[In case there was any doubt, I never actually dated Britney Spears.]
The HeartBreaker Interactive Wall was conceived of in the context of domestic rituals, specifically the rituals associated with the termination of romantic relationships. After coming up with a number of concepts that clumsily attempted to tackle the associated emotions head on, I shifted to a more lighthearted approach, which immediately felt more resonant and successful. After a break-up, people frequently go through a rite of “cleansing” themselves of their former significant other by disposing of artifacts of the relationship. People once had the option to burn, flush, crumple, tear up, or otherwise destroy photographs of their exes, but now that so many of our photographs only exist digitally, it’s difficult to garner any satisfaction from disposing of them. Dragging an icon to the trash bin on a computer desktop just isn’t the same as watching a picture go up in flames.
In order to make the ritual of purging such photographs a more cathartic experience, I developed the HeartBreaker Interactive Wall. In its initial deployment, the wall displays a photograph along with a menu of virtual objects that can be “thrown” at the pictured ex: paint, eggs, bombs, and rocks. Any physical object can be thrown at the wall, and the animation associated with the selected virtual object displays where the real object strikes the wall. [We used pillows and stuffed animals in the demo, but a lamp, spatula, or cell phone would work just as well.] A satisfying splat, crack, boom, or shattering noise is played upon impact, providing the user with the notion that they’ve somehow inflicted an imaginary bit of pain upon their ex. In subsequent revisions, I intend to feature some visual feedback that the photograph itself has been damaged or destroyed, as well as a system for moving the photo files on the user’s hard drive (if they so choose.)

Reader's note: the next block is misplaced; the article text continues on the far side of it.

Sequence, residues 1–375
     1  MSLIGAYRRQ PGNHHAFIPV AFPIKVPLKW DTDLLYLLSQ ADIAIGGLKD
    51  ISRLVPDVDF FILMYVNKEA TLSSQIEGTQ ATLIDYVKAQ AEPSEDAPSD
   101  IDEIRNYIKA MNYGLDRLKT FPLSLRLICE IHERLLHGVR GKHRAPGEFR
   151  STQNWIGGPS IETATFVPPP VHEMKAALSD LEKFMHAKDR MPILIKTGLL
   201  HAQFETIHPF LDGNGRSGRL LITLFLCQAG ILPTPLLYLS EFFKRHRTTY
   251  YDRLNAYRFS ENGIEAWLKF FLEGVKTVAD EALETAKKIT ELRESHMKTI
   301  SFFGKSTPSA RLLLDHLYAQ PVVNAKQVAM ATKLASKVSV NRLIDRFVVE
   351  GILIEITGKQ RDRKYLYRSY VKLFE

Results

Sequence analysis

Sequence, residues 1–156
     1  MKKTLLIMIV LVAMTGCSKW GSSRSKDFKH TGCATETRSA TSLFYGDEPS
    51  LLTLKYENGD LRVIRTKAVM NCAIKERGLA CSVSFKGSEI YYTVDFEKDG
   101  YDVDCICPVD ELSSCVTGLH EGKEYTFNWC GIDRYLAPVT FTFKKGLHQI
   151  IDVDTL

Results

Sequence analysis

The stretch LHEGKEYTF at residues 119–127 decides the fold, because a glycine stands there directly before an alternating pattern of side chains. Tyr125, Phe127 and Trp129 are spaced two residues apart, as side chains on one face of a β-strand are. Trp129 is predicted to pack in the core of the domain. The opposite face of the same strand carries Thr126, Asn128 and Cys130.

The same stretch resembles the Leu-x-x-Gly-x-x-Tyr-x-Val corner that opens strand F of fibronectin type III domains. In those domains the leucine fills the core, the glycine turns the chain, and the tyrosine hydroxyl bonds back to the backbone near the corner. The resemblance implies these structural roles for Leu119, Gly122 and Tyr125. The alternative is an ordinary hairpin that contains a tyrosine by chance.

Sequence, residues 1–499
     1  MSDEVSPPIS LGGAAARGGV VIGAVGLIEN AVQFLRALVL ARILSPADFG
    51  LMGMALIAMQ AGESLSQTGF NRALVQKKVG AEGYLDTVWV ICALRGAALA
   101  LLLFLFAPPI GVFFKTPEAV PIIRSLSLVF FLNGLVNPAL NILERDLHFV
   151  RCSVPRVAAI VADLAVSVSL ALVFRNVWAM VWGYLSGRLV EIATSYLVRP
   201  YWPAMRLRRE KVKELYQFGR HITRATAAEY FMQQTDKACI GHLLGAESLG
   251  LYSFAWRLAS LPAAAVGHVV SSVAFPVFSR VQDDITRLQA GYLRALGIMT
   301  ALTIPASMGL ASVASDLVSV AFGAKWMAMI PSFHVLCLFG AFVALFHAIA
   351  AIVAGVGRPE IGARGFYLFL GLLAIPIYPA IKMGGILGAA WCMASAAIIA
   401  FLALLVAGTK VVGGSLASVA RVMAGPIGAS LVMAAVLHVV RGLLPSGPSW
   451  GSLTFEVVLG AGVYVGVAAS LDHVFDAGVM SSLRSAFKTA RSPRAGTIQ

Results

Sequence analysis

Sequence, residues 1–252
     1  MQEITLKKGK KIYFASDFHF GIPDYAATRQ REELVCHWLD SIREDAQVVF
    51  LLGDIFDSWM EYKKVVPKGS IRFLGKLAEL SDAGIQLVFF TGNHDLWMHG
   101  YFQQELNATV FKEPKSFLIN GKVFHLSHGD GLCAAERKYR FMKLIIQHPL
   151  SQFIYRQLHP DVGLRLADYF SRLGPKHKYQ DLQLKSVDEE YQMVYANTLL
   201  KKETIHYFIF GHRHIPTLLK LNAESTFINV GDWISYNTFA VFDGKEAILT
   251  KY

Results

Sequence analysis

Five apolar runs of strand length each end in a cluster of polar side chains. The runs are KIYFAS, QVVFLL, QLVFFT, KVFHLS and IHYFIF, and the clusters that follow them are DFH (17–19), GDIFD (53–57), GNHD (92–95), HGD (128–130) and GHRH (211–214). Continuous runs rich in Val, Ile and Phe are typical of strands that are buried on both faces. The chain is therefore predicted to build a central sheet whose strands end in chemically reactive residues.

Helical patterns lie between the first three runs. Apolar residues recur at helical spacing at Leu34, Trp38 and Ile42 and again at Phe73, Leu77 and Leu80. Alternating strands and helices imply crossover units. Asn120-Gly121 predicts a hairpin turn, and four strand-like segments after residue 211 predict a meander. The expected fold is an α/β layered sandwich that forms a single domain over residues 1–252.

Although the interaction was designed as a mechanism to assist with the cleansing of an ex, there are certainly other applications that would deliver the same feelings of satisfying catharsis. Boss been nagging you? Grab his photo from LinkedIn and lob eggs at his face. Your downstairs neighbor won’t turn down the stereo? Stealthily snap a pic when he comes out to retrieve his mail and blast away with some virtual bombs. [My classmates and instructors were having a little too much fun hurling whatever was handy at the wall.]
The interface makes use of an infrared camera and lighting, which circumvents the problems associated with object detection in front projection systems. Because infrared light falls outside of the spectrum of visible wavelengths, the infrared camera doesn’t “see” the digital projection on the wall, and instead recognizes objects which are illuminated by the infrared lights as they reach the wall. I used tbeta computer vision software for object recognition, which is able to communicate information about detected objects via TUIO. I coded the interaction in Processing, which receives the TUIO data, and responds with the various animations and sounds.
[This was a collaborative project with classmate Shuya April He, who created the animations.]